By late 2021, investment in ESG funds totalled more than USD 35 trillion US dollars, nearly double what it was in 2014. With public figures and policy makers demanding immediate action to combat climate change, ESG investment is both a necessary and good thing. Yet it is increasingly apparent that not all sustainable investments provide the real-world impact they are touted to have, and in many cases, they are simply a means for companies and funds to flash their shiny ESG credentials.
This disconnect between green commitments and impact is not always the result of poor intentions. Non-standardised ESG regulations and ratings, fuzzy science and major organisations pulling in different directions make the world of sustainable investment challenging to navigate at the best of times. However, the reality is that greenwashing has become so prevalent that many are asking whether ESG investing is just a gimmick. For some financial professionals, ‘ESG’ is almost becoming a swear word – many investors have had enough with greenwashing and are starting to dislike ESG labels.
What is the cause of greenwashing?
In 2019, Schroders surveyed over 25,000 investors worldwide and found that more than 60% wanted funds to consider sustainability factors when making investments. This pressure has continued growing in recent years, and as a result, many fund managers have rushed to squeeze themselves into the ESG bracket.
When an item of clothing comes into fashion and demand for it is high, knock-offs and imitations posing as the real thing will inevitably appear. Greenwashing arises from a similar principle. When investors demand green funds, fund managers try and create these, often in the easiest way they can – by crudely slapping ESG labels onto portfolios that are based on an entirely different underlying strategy.
Just like in the fashion industry, the presence of greenwashing in the financial markets does not devalue or decrease the importance of the real thing – i.e., the funds with ESG at the core of their strategy – but it does make the original much harder to verify. In the world of ESG investing, the consequences are much more dire. Money directed towards so-called ESG funds may not be having the impact that investors think they are. Indeed, how much of the 35 trillion US dollars invested in 2021 is genuinely helping save the planet? According to Emma Howard Boyd, Chair of the Environment Agency, “UK banks and insurers will end up taking on nearly £340 billion worth of climate-related losses by 2050 unless we can successfully curb rising temperatures.” We are facing existential fight against climate change, and ESG investing should be focussed on having a real-world impact, not treated as a marketing gimmick.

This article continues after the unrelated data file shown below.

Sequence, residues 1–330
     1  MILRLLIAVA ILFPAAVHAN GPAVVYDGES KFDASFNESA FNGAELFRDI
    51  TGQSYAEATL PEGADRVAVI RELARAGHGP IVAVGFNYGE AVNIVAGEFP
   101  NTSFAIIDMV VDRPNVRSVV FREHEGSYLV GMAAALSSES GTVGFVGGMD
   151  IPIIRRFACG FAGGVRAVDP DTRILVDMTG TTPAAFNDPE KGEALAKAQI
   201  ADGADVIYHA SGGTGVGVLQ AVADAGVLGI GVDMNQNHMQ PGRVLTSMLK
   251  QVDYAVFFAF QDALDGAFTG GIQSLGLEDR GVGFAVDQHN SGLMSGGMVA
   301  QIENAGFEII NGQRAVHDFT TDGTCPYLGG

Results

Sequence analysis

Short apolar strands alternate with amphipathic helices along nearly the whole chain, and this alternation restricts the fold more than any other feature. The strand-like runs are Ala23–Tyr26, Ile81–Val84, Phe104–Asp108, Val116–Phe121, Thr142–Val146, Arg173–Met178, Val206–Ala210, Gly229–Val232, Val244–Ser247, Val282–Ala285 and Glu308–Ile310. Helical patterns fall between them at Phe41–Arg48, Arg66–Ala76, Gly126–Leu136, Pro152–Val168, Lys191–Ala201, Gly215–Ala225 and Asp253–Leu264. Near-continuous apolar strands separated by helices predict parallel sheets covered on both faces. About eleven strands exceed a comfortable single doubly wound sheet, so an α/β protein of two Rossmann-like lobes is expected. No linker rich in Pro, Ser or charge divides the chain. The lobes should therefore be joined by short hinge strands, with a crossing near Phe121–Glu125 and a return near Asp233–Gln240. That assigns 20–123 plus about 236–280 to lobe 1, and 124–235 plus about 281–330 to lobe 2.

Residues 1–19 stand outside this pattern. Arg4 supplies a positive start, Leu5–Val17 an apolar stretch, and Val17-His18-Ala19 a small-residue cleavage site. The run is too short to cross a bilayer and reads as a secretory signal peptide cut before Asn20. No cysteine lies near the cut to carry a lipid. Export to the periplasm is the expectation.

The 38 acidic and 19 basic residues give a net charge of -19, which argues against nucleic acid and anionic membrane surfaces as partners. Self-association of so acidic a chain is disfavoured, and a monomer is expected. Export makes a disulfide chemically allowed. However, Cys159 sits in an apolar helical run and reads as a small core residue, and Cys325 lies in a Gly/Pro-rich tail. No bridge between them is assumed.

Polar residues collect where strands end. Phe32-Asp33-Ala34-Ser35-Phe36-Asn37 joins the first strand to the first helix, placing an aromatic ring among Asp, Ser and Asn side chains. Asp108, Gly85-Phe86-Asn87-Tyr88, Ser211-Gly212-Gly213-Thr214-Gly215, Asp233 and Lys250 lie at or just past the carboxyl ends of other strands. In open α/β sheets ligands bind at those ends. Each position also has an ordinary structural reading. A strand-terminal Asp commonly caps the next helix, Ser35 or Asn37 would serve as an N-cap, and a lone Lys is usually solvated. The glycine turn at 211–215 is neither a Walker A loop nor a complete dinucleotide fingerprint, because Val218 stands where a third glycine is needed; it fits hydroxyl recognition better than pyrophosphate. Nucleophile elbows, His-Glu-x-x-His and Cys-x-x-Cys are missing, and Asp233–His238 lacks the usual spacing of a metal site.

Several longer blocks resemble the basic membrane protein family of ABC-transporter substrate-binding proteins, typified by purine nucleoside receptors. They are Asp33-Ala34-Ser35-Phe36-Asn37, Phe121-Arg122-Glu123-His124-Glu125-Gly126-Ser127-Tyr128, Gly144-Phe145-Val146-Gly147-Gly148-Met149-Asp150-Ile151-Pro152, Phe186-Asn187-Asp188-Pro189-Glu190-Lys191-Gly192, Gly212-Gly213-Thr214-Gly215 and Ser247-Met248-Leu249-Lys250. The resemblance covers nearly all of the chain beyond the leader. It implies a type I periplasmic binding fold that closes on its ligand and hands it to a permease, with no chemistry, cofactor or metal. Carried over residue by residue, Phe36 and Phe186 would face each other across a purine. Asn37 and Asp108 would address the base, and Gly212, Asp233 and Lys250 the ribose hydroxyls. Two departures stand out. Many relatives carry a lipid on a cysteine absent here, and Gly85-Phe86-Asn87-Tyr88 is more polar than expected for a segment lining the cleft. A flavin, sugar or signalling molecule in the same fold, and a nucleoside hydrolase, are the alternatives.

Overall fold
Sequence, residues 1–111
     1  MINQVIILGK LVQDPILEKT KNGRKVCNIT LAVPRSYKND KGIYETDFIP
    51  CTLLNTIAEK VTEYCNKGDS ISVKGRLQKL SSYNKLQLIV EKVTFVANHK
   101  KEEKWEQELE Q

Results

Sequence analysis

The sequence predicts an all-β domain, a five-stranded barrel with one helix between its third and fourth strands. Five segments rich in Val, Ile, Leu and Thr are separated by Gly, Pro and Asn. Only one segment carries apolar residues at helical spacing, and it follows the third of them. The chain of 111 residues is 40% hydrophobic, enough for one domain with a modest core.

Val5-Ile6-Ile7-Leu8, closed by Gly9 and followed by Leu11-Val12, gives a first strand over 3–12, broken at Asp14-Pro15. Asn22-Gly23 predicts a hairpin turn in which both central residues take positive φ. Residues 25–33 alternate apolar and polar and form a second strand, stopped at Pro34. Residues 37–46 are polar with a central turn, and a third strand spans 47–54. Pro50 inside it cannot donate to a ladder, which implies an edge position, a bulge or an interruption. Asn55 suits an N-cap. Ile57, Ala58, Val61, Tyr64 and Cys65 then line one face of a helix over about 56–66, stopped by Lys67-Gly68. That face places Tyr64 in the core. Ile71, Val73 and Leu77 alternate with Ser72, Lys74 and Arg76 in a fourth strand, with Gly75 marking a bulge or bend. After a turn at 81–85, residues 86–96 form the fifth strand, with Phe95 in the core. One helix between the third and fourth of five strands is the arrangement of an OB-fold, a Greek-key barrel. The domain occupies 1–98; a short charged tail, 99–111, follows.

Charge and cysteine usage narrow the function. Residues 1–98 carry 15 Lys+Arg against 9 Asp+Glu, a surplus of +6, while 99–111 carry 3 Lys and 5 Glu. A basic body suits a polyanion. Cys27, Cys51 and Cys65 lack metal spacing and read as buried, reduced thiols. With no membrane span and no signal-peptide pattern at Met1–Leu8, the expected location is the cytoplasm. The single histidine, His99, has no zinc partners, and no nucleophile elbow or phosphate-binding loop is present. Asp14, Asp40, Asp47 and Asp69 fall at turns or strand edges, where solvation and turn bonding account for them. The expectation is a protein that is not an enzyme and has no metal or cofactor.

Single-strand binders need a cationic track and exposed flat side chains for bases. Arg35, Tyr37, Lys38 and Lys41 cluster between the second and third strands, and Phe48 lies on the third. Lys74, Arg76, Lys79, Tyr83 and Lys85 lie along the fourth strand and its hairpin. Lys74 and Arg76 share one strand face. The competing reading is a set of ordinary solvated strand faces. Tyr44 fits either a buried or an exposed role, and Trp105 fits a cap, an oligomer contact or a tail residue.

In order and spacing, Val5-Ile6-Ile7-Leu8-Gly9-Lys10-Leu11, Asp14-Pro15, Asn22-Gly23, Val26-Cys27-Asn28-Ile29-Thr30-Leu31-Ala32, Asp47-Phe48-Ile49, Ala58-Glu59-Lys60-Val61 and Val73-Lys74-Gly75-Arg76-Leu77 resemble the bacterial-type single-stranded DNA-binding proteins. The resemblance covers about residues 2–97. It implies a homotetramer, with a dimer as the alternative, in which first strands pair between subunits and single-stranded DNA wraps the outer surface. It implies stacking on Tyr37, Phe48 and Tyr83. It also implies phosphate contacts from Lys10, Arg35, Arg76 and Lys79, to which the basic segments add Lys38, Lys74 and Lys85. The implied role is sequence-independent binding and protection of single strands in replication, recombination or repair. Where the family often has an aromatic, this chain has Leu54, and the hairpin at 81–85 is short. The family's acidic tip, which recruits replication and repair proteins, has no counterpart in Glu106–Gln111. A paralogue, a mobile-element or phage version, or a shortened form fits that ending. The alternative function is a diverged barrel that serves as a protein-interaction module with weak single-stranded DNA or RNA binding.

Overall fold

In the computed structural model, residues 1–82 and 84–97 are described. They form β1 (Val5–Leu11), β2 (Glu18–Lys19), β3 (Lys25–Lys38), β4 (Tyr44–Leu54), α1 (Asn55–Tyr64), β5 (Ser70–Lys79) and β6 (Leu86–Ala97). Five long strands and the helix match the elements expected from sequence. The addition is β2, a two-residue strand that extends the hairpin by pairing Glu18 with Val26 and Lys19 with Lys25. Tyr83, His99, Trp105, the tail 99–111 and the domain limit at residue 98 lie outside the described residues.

Is the SFDR fit for purpose?
In March 2021, the European Commission launched the Sustainable Finance Disclosure Regulation (SFDR), in an attempt “to improve transparency in the market for sustainable products, to prevent greenwashing and to increase transparency around sustainability claims made by financial market participants.” Funds are categorised into Articles 6, 8 and 9, depending on whether they do not integrate sustainability into their strategy, have ESG characteristics or have a sustainable investment objective respectively. The purpose of this regulation was to give investors necessary assurance that their investments align with ESG objectives.
On a surface level, this seems to have been successful. A report from Morningstar claims that the SFDR “spurred product development and innovation in 2021” with almost 200 new Article 8 and 9 (“green”) funds appearing in Q4 2021 alone. However, the study also notes that the rise in green funds is not only the result of new funds being launched, but also the reclassification of existing funds. According to Morningstar, Article 6 funds are being re-purposed as green funds through a range of processes. While some funds overhaul their entire investment objective, others will just clarify how ESG factors impact their strategy or formalise ESG exclusions.
The broad scope of the definitions provided in the SFDR, and therefore the wide range of funds included, is partly why the SFDR has drawn criticism. For example, analytics firm MainStreet Partners published a report stating that 21% of funds categorised under Article 8 would not be considered sustainable. Ironically, despite being introduced to prevent greenwashing, the SFDR has partly assisted fund managers who are looking to put a ‘quick fix’ ESG label on their products.
That said, the SFDR is still a step in the right direction, and if the regulation can be fine-tuned and definitions clarified, Articles 8 and 9 could become a true representation of a fund’s sustainable strategy and pave the way towards more impactful investments.
What is the future of sustainable investment?
In light of recent greenwashing scandals, the legitimacy and impact of sustainable investing has clearly been called into question. With investors becoming more averse to ‘ESG’ as a term, the environmental, social and governance aspects probably need to be separated from one another and distilled. Looking forwards, the ‘E’ in ESG is a huge investment opportunity, as climate change has established itself as the next super cycle and is a major driving force for the markets. Meanwhile, the ‘S’ and ‘G’ are risks that investors need to assess and manage, in the same way they do other risk factors.
A study by Morningstar found that 77% of ESG funds that existed 10 years ago have survived, compared with 46% of traditional funds. This demonstrates the potential for longevity in this area of investing and shows that the appetite from investors is not waning. However, the goal now is to ensure that impact of sustainable investing matches the enthusiasm.
About Maria Lozovik:
Maria Lozovik, Co-Founder and Portfolio Manager at London-based asset manager Marsham Investment Management